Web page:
Wild Words: Kirsten Bell

NO F11 Kirsteen Bell 1
NO F11 Kirsteen Bell 1

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Despite reports that it is common to see adders during Lochaber summers, I have never seen one. I think though that I’m in the minority.

This is apparently the time when I might have more chance of spotting them, when the heat brings them out. Robert Macfarlane’s adder poem in The Lost Words describes them as ‘a hank of rope in the late hot sun; a curl/ of bark; a six, an eight:/ For adder is as adder basks’.

The common European adder – Vipera berus

A friend recalls hunting for them in spring as a child: the snakes would still be dozy from their winter sleep, crawling onto rocks warmed by the sun to remind their skin what summer feels like.

My mother-in-law also recounted (with some horror) finding an entire nest of them when she was hanging out the washing, and another friend tells me they found a nest while clearing gorse in Ardgour.

Through these stories, and because I have yet to set eyes on one, adders have taken on almost mythical proportions in my mind. They morph into shapes like the beithir, an enormous serpent fabled to have been killed on Islay.

According to the early-20th century folklorist, Donald Mackenzie, that beast was nine feet long. Its stomach was found to contain ‘several twites, buntings, pipits, larks, and thrushes, and an incredible quantity of milk.’

While adders have been known to predate ground nesting birds, such as lapwings and golden plover, their main diet normally consists of rodents and the occasional lizard. Capable of surviving on one small rodent a month, they could hardly be classed as greedy – especially when compared to some house cats I know. They also do not grow to nine feet; Amphibian and Reptile Conservation has them growing to a more diminutive 60cm.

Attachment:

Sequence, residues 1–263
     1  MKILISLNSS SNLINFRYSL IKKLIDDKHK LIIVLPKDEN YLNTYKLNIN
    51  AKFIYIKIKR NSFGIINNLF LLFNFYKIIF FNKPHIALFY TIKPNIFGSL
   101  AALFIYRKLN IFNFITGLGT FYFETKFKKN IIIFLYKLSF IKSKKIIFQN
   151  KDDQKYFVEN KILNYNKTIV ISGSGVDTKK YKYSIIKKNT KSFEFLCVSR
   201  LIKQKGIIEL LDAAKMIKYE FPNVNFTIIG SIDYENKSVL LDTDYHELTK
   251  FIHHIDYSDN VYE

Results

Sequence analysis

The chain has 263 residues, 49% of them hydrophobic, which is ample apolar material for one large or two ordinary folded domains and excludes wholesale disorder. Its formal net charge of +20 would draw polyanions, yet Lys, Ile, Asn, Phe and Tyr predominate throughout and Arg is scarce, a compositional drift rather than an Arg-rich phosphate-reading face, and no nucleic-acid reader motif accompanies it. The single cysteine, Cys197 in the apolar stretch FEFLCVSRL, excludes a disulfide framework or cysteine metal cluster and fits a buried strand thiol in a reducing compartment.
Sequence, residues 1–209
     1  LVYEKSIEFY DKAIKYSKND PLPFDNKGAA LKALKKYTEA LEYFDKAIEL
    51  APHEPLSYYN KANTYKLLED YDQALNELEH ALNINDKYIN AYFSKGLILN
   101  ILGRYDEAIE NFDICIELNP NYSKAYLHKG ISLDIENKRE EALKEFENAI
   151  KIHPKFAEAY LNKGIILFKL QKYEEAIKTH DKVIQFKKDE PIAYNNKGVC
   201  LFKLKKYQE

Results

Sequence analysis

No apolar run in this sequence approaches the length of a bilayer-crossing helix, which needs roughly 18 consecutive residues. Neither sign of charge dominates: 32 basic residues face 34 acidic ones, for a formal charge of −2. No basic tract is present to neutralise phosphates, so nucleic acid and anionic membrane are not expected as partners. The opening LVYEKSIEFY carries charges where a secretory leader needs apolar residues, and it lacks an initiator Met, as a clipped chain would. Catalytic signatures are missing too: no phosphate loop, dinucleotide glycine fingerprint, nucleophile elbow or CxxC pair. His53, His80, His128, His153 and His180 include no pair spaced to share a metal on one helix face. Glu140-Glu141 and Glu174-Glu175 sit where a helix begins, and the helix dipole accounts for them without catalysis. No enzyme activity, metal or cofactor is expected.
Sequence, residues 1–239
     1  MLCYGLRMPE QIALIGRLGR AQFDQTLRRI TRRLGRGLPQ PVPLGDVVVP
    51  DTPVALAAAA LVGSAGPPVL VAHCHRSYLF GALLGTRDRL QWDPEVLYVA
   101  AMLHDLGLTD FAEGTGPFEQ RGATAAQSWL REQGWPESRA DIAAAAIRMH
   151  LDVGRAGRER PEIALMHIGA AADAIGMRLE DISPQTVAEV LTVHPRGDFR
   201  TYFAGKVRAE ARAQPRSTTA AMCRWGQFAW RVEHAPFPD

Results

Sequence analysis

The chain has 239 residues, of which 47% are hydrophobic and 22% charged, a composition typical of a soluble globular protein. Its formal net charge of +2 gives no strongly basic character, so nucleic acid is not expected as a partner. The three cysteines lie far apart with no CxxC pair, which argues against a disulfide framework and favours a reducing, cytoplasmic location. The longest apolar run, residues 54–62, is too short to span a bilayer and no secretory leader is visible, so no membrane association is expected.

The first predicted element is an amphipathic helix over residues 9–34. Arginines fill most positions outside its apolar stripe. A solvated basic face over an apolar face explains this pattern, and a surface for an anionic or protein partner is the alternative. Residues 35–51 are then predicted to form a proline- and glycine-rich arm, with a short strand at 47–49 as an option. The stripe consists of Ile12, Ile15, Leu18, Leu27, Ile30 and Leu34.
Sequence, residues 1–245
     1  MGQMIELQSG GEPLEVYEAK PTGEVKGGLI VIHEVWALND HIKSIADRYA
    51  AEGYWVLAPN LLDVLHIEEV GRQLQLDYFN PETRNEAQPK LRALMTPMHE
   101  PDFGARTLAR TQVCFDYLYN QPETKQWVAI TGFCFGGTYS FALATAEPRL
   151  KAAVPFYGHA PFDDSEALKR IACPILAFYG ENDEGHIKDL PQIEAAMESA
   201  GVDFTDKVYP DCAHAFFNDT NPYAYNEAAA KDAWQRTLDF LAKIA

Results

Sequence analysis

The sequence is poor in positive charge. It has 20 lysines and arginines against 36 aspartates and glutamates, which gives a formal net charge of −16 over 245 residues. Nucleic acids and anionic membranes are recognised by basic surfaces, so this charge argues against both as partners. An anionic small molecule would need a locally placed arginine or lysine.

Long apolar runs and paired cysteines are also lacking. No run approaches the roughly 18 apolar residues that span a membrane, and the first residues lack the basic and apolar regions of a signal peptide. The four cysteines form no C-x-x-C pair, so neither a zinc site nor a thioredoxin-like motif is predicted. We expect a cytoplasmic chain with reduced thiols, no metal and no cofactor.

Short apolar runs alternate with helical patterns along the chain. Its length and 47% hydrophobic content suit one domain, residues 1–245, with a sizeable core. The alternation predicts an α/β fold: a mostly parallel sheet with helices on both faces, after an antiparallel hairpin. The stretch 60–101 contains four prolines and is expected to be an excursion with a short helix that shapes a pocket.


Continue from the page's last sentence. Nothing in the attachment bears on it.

The females tend towards copper and brown, while the smaller males are grey, and both bear the distinctive zig-zag pattern. As the only venomous snake in the UK, the adder has a reputation as a predator, however it has just as much chance of being predated upon by corvids, birds of prey, badgers or foxes.

Yet recent studies have shown that its markings will put a hunter off the attack, the zig-zags a warning that this prey is armed.

Folklore also contains information on dealing with adder bites. You could race the adder to the nearest body of water: if you make it before the adder, you’ll be cured.

Alternatively, you could kill said snake and rub its fat on the wound, or, if you can get your hands on one, hold a live pigeon to the bite… but it’s probably best to go with the more recent advice.